The easiest fix is to pay off the installment plans that I didn’t really want in the first place. My next bill will have similar issues. We had two separate installment plans. I paid the smaller of the 2 in full as part of my activities doing this billing reconciliation. After the next bill cuts, here in the next few days, I will pay the other installment plan in full. Hopefully, we will finally see the savings promised by changing carriers. Right now, the switch has been costing us. Here’s hoping!

Understanding My Bill (continued)

Wow! This has become quite the challenge to understand my bill.  Guess I was more than a little spoiled with my old provider.  I don’t know if it is because I was with them so long that I just knew where everything was and what it meant or if  I am just that dim that I can’t figure this bloody thing out.

So I log in the way I finally figured out how to get to my profile, consistently.  So far, so good.

I look at the landing page and everything looks pretty good, I guess.  Remember, I am a NEW CUSTOMER, so everything is still unfamiliar for me and finding what I want is mission critical to ensuring my satisfaction.

Cool!  They show my current usage.  I find this interesting, even though we have unlimited everything, save for the third line which is a data device we probably don’t need, but I wanted it anyway.  I don’t really need to know how much data that line is using because we have barely turned it on.  It is nice of my provider to give me this information.  As a brand new user who has no need to monitor my usage, I am not really sure this needs to be quite so prominent, but I will leave that up to all of the fancy-schmancy designers out there who know more than I.  I am pretty sure someone somewhere has done analysis and identified that this is the most important thing that most people should see.

Kind of annoying the fancy, splashy marketing message at the top of the page, followed by some random message about something that is being end of life’d the end of this month is in bright red across the top of the landing page.  I don’t care enough to find out what it is, but I am sure there are people out there who do need to know, just not me.   Neither the marketing message nor the warning message do anything for me.  Quite frankly, in the best of all possible worlds I would be able to turn them off.  (Keep dreaming!)

What I really want to do is look at my bill online.  The paper bill with its 9 pages of ridiculously small print is doing my head in and I can’t make hide nor hair out of whether it is accurate.  My thought is I should be able to log in and see the bill here.  Then I will either increase the view size so I can make out all of the numbers without squinting.  (I truly am fighting “11’s” and I prefer not to do anything to void all of that extra effort!)  I consider this to be a reasonable expectation of a webpage set up for me to manage my account.  Who knows?  Maybe I am irrational in that expectation.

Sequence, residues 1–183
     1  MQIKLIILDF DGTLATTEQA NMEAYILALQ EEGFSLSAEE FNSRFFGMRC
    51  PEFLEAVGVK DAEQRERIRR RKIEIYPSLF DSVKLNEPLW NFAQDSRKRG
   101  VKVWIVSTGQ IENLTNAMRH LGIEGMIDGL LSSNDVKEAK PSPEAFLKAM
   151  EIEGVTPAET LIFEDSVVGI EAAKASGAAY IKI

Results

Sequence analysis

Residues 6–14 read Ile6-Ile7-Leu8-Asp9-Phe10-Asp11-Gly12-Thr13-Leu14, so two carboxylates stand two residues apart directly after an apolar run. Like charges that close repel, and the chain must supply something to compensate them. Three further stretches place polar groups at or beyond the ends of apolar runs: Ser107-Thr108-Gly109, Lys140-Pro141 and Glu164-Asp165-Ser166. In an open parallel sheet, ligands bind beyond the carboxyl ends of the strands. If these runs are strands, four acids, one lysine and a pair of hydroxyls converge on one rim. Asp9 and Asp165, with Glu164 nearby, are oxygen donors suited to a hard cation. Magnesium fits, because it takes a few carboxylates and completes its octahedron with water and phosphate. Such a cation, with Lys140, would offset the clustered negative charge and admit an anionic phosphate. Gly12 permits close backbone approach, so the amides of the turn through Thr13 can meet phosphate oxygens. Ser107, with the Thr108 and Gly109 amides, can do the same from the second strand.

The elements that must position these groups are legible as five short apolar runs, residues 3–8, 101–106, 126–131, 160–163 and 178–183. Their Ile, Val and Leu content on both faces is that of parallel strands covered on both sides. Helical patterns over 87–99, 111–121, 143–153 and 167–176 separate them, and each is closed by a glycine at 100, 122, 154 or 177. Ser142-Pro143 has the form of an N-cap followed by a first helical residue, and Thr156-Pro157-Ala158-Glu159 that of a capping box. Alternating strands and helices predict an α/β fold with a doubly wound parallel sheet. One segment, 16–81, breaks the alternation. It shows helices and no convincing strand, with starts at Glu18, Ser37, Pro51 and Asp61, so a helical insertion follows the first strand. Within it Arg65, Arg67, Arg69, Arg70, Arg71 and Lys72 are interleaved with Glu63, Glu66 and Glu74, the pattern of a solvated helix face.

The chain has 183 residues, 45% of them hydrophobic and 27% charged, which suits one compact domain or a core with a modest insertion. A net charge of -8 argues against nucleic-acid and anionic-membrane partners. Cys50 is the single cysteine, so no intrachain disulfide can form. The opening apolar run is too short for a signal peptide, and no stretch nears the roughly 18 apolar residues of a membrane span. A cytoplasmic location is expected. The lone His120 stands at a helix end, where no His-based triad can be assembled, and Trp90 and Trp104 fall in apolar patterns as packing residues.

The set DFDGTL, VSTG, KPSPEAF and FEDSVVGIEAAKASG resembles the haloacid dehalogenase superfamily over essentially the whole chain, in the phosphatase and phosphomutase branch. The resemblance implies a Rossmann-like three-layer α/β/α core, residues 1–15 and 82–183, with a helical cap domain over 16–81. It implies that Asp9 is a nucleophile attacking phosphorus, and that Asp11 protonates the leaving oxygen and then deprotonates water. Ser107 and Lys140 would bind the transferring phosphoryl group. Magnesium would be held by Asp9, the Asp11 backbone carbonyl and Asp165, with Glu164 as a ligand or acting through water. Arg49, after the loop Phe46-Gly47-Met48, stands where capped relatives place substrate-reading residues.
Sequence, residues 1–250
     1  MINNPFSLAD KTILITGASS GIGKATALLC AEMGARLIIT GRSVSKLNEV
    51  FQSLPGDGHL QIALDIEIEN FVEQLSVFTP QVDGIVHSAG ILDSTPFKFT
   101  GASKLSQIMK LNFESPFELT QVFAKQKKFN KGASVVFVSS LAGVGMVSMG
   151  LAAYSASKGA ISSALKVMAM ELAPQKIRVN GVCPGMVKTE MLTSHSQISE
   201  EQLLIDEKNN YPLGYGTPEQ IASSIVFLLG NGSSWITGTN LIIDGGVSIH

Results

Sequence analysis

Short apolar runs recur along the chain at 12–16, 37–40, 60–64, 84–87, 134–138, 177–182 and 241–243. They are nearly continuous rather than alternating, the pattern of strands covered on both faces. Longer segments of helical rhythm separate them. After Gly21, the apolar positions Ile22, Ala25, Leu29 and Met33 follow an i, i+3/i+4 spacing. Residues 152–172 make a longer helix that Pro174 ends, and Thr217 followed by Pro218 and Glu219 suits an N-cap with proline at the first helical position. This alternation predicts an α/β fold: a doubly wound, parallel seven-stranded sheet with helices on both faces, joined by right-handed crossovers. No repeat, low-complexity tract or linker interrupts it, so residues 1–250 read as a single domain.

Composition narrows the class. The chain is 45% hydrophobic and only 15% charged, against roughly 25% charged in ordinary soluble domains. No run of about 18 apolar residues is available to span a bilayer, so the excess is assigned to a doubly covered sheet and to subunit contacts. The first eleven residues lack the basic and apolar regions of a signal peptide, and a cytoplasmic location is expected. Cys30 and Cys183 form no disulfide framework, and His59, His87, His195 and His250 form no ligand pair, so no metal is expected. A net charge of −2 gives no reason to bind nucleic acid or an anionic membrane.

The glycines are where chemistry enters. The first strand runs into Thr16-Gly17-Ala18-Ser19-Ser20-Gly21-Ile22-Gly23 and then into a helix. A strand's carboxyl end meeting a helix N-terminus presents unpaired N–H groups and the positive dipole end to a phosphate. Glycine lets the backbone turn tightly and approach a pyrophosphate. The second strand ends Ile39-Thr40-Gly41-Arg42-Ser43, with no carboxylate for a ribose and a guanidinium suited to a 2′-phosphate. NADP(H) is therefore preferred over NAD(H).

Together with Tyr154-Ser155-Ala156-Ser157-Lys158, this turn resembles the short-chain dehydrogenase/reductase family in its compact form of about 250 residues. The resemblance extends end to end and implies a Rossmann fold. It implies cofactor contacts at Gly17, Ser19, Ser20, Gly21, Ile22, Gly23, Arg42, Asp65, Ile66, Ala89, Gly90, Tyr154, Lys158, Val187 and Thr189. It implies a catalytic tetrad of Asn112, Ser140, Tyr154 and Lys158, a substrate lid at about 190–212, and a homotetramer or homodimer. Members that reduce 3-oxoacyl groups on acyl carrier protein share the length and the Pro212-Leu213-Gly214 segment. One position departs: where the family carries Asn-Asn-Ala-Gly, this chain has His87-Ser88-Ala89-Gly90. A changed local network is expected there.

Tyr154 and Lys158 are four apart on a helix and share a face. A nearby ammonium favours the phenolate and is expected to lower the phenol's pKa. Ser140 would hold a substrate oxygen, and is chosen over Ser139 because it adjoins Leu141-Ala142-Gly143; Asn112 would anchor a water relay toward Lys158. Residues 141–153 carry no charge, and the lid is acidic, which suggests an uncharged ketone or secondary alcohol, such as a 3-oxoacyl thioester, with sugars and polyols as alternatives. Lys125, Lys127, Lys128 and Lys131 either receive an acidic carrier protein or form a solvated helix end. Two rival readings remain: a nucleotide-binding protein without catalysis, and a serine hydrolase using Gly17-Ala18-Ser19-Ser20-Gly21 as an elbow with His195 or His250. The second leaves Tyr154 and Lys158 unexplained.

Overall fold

After reviewing all of the information about my usage, my eyes move to the right.  I am American.  I read from left to right.  It would be cool to learn how to read another way, but I think I am too old to change my ways.  Old dogs, new tricks kind of thing.

To my delight, the next fancy box has a large header labeled ‘My bill’.   Phenomenal!  This is what I am looking for.  Points to the page designer.  The box lists the amount due on my bill.   The good part here is that it initially matched what my bill said.  It is less now as I logged on the other day and made a payment on the equipment plan.  Magically, that amount has been reduced from what shows in this box.  At this point, I am a bit concerned as I think I may have messed things up by paying for the equipment purchase plan, but I couldn’t tell if it was included in the amount on my bill or not and I would prefer to overpay rather than be late on anything.  (I don’t owe on anything other than my house, so I am not really familiar with purchase plans.)

The only thing that looks to be actionable is the big green button labeled ‘Pay my bill’.  Well that would be really silly as when I logged in the other day, I scheduled a payment to be made the day before the due date, so why in the world would I want to pay my bill again?  The funniest part, to me, is the message beneath the graph that shows how much my bill is confirms both the payment I made on the equipment plan and the payment scheduled.  The fact that the button is green, inviting me to pay my bill again, seems a little odd given those messages.  Regardless, there are teeny tiny little blue links that invite me to see my payment history or view the details of my scheduled payment.   Neither one of those options seem to fit what I am trying to do.